Normally, the police cannot search your vehicle without a warrant or some sort of probable cause, unless you consent to the search. So that’s the critical question: when Bernstein opted-in to the 911 Assist system, did she consent to having the information gathered by the system provided to the police?
Prosecutors may point to the section of Ford’s website, where they describe how 911 Assist functions:
If you are involved in an accident that deploys your vehicle’s airbags—or, in some vehicles, activates the emergency fuel pump shut-off—911 Assist can use your Bluetooth-paired and connected phone to immediately place a call to a local 9-1-1 Call Taker. SYNC communicates the details of the accident, including the location upon request, to the Emergency Call Taker so that you can get the help you need.
In other words, if there is an accident, the technology “immediately” calls “a local 9-1-1 Call Taker.” It’s hard to argue that a reasonable person shouldn’t assume that meant involving law enforcement. Ford is also upfront in disclosing that 911 Assist transmits the details of the accident, including the location “upon request” (presumably meaning if the 911 dispatcher requests that information, it will be provided).
The law does not require that Bernstein admit fault for the accident — excuse me, accidents — that she allegedly caused, but Florida law does prohibit leaving the scene of a car accident that involves property damage (Fla. Stat. Section 316.061) or bodily injury (Fla. Stat. Section 316.027) until she had fulfilled the duty under Section 316.062 to “give information and render aid.” (basically, provide your name, address, vehicle registration, and driver’s license, and to report the accident and summon medical help if needed).
Here, Bernstein’s alleged flight from the scene of the hit-and-run accident was a crime in and of itself, a third degree felony to be precise. The police already knew that there had been a hit-and-run accident, because they were responding to Preston and getting her medical attention, but until Bernstein’s car made that phone call, they did not know she was allegedly involved.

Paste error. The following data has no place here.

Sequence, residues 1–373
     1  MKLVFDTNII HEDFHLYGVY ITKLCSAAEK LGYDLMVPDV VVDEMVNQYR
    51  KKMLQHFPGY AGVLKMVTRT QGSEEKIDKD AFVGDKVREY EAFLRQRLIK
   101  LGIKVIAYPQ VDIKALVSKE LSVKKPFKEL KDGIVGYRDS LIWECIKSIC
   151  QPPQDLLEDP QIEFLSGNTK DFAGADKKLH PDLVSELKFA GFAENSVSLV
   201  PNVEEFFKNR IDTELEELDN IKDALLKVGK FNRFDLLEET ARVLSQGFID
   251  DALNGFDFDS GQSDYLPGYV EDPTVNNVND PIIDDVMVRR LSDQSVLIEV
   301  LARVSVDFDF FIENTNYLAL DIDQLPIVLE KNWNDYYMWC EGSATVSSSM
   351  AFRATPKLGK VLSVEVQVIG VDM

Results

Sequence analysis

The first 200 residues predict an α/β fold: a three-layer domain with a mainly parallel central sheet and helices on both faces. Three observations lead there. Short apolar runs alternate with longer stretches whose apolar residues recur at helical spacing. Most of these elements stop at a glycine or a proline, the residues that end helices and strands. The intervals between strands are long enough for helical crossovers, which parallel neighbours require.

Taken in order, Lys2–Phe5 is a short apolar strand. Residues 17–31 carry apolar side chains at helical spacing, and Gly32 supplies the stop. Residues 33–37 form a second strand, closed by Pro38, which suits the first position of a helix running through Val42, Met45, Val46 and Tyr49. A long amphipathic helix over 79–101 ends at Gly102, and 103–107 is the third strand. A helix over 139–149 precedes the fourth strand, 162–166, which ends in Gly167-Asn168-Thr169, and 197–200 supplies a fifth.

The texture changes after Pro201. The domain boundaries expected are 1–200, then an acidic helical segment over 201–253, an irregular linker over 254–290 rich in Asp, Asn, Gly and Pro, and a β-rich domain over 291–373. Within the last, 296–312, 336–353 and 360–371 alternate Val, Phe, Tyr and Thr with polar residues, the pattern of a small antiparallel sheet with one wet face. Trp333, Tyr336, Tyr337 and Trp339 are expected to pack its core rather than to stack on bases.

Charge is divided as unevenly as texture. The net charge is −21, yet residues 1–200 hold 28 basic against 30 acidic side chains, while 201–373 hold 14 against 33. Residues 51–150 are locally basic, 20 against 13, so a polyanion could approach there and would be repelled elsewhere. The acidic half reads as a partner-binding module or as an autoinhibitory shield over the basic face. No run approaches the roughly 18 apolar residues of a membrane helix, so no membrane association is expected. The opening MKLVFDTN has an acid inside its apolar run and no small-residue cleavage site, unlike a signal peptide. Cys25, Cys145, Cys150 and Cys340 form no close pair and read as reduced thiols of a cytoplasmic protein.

Challenge for the courts: catch up with technology
If Bernstein can successfully argue that she did not consent to provide the information, does she have any other protections? The answer to that question illustrates the difficulty courts have keeping up with rapidly developing technology.
A 2014 United States Supreme Court case, Riley v. California, made headlines when the Court ruled that the digital contents of a criminal defendant’s cell phone could not be searched without a warrant, finding that modern cell phones function more like minicomputers and therefore warrant additional privacy protections. Police may search the body and surrounding area of a person when making an arrest, but, as Chief Justice John Roberts noted, “Digital data stored on a cell phone cannot itself be used as a weapon to harm an arresting officer or to effectuate the arrestee’s escape,” the common justifications for searches incident to arrest.
(For a more detailed discussion of this topic, including a Virginia case where the court ruled that after a warrant had been issued to search a cell phone’s contents, the defendant could be forced to provide his fingerprint password, but not the numerical four digit passcode, see this post at American Criminal Law Review.)
Arguably, the type of information gathered by Ford cars equipped with the 911 Assist feature — the user’s personal identification, contact information, and physical location — is similar to the type of information that the Supreme Court deemed protected in the Riley case.